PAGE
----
A year ago this Corpus Christi Sunday I listened to Fr. Michael Kerper, pastor of St. Patrick’s Church in Nashua, NH, develop his homily around a painting of the Irish artist Aloysius O’Kelly (1853-1936). Until that moment I was unaware that Ireland had produced any prominent painters. I suppose one can be forgiven that lapse given that O’Kelly’s work in question, “Mass in a Connemara Cabin” (1883) – the only painting of an Irish subject ever to be exhibited at a prestigious Paris salon – vanished at the end of the nineteenth century and remained missing for a century before turning up in a rectory in Edinburgh. That painting now resides in the National Gallery of Ireland.

“Mass in a Connemara Cabin” by Aloysius O’Kelly (1883)

As a painter, O’Kelly doesn’t demonstrate any of the breakthrough developments of his more famous contemporaries like Monet, Manet, or Degas and the religious subject of the aforementioned painting was by then out of fashion. There is something about “Mass in a Connemara Cabin,” however, that compels. It successfully captures the mood and atmosphere of a particular time, place and people and the viewer senses the religious, political and economic repression without having to know the details of 19th-century Irish life.

Looking closely at the painting, many factors come into play: the claustrophobic feel of enclosure, the women’s well-worn yet evocative shawls and scarves, the kneeling bodies directed toward the focal point – the young white-clad priest (even the cupboard dishware leans toward him); and of course, there is that dramatic gesture of the woman in the lower right corner.

As its title suggests, the painting reflects the deep piety of parishioners crowded into someone’s home as a young priest says Mass. Others see more, particularly since the priest seems to be giving the final blessing and that Aloysius O’Kelly and his family were steeped in revolutionary politics. His three brothers were Fenians and his sister married into the family of James Stephens, founder of the Irish Republican Brotherhood. After the failed Rising of 1867 two of the artist’s brothers were exiled to New York and during this period Aloysius moved to Paris to begin studying at the École des Beaux-Arts.

After O’Kelly returned to Ireland in the early 1880s, he began to visually capture the bleak existence of working class people on the west coast during very turbulent times. Against the backdrop of the struggle between tenants and landlords, the celebration of Mass was often a precursor to social and political gatherings. The significance of O’Kelly’s Mass may not be the Mass itself but what comes after, the unseen but anticipated.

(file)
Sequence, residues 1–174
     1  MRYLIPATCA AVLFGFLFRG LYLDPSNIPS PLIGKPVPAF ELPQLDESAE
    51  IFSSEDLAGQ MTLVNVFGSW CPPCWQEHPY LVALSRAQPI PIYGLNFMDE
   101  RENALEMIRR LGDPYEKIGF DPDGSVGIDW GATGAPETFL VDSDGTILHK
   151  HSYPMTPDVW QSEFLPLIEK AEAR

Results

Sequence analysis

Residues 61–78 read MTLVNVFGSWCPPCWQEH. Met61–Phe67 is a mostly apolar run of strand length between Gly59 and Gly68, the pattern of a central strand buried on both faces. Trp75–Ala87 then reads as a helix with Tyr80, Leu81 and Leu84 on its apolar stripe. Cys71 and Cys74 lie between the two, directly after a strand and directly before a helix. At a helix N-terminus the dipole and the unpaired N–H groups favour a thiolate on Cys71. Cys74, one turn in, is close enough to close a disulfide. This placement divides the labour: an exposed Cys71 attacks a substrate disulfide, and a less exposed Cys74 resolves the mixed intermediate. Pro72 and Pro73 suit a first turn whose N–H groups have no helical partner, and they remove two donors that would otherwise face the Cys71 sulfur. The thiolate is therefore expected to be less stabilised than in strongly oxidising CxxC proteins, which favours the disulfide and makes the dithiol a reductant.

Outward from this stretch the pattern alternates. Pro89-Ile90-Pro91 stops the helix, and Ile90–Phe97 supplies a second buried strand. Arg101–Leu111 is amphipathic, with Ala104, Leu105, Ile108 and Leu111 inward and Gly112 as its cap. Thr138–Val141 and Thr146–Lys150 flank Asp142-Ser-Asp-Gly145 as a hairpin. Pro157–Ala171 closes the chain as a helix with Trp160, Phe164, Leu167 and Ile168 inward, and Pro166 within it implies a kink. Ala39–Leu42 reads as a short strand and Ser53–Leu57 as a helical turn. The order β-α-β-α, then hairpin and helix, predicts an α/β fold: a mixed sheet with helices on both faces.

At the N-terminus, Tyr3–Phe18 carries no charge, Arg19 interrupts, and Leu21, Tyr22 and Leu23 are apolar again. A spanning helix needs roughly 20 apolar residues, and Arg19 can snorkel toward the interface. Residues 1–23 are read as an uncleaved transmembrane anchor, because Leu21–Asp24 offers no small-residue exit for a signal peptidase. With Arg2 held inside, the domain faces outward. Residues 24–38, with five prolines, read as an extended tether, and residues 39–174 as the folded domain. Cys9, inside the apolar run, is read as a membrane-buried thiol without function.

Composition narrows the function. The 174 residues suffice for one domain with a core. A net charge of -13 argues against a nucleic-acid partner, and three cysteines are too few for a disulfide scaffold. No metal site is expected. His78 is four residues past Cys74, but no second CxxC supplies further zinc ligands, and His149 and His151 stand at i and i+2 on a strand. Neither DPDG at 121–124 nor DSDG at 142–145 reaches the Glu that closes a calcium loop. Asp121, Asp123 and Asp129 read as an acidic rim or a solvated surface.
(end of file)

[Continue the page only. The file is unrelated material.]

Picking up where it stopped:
However you read this painting, I find painful irony contrasting recent events in Ireland with this scene of devotion from the early 1880s.

The Duruflé Requiem at 70

Maurice Duruflé
(image from Wikimedia)

This year is the 70th anniversary of the Duruflé Requiem, and an article in the Boston Globe tells a bit of the work’s  and the composer’s history.

For those in the area, there will be an opportunity to hear the work Friday, March 9, when the Choir of St. Paul’s sings the Requiem at St. Paul Church in Cambridge:
https://stpaulparish.org/2018/02/maurice-durufles-requiem-march-9th/

July 2018: Sacred Music Symposium in British Columbia

News from the north:

Saints Joachim & Ann Parish, Aldergrove B.C., will be hosting the inaugural B.C. Sacred Music Symposium, July 20-22, 2018. 

The aim to bring together musicians of all skill levels, and all people of good will with a general interest in sacred music, for a weekend of instruction, collaboration and fellowship. There will be an opportunity to attend practical workshops (beginner, intermediate and masterclass) and lectures; and to experience the riches of the Church’s musical tradition in the celebrations of Mass (in both the Ordinary and Extraordinary Forms) and the Divine Office.  

We are also very excited to announce that our keynote speaker and celebrant of the symposium’s principal Mass will be Bishop Joseph Perry, Auxiliary Bishop of the Archdiocese of Chicago. Early registration for the symposium opens January 2018. Please see the parish website for more information: http://www.stsjoachimandann.org/symposium .

Blessing of a Church; Dedication of an Altar (official texts)

A generous reader has sent in a document that came his way, comprising two rites excerpted from the Pontificale Romanum: the Order of Dedication of an Altar, and the Order of Blessing of a Church.

It’s not often easy to locate a copy of this specialized liturgical book, so we are happy to share it. If anyone has a church construction or renovation project underway, it could come in handy for preparing those services.

This (partial) book (11 MB) contains the edition issued by Pope Paul VI in 1977, with instructions and text, all in Latin, for those two rites, and it provides the relevant chants for the psalms to be sung at the various stages of each rite.